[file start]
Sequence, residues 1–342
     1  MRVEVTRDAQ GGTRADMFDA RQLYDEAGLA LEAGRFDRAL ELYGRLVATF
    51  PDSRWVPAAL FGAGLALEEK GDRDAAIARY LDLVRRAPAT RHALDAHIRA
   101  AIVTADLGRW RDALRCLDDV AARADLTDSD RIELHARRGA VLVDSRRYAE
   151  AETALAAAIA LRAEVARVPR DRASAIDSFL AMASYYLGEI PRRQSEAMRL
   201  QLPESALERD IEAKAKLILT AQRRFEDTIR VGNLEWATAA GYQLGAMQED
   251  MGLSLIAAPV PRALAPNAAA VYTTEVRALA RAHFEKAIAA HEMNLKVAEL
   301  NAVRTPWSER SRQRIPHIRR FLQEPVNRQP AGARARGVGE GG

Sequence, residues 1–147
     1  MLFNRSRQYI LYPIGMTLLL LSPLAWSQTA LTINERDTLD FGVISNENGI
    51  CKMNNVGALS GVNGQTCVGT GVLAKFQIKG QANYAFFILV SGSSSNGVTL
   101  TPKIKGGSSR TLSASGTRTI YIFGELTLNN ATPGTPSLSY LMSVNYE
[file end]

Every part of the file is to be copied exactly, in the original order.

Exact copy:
Sequence, residues 1–342
     1  MRVEVTRDAQ GGTRADMFDA RQLYDEAGLA LEAGRFDRAL ELYGRLVATF
    51  PDSRWVPAAL FGAGLALEEK GDRDAAIARY LDLVRRAPAT RHALDAHIRA
   101  AIVTADLGRW RDALRCLDDV AARADLTDSD RIELHARRGA VLVDSRRYAE
   151  AETALAAAIA LRAEVARVPR DRASAIDSFL AMASYYLGEI PRRQSEAMRL
   201  QLPESALERD IEAKAKLILT AQRRFEDTIR VGNLEWATAA GYQLGAMQED
   251  MGLSLIAAPV PRALAPNAAA VYTTEVRALA RAHFEKAIAA HEMNLKVAEL
   301  NAVRTPWSER SRQRIPHIRR FLQEPVNRQP AGARARGVGE GG

Sequence, residues 1–147
     1  MLFNRSRQYI LYPIGMTLLL LSPLAWSQTA LTINERDTLD FGVISNENGI
    51  CKMNNVGALS GVNGQTCVGT GVLAKFQIKG QANYAFFILV SGSSSNGVTL
   101  TPKIKGGSSR TLSASGTRTI YIFGELTLNN ATPGTPSLSY LMSVNYE